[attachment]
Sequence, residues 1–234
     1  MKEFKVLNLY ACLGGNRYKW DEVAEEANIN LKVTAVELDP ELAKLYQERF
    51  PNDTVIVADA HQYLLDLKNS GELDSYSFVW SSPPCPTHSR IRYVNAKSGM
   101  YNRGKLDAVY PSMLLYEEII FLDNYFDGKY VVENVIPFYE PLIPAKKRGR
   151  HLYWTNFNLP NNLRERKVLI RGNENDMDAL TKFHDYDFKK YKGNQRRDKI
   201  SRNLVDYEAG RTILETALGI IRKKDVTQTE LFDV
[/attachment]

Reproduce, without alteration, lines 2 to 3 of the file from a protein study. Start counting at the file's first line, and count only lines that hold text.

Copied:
     1  MKEFKVLNLY ACLGGNRYKW DEVAEEANIN LKVTAVELDP ELAKLYQERF
    51  PNDTVIVADA HQYLLDLKNS GELDSYSFVW SSPPCPTHSR IRYVNAKSGM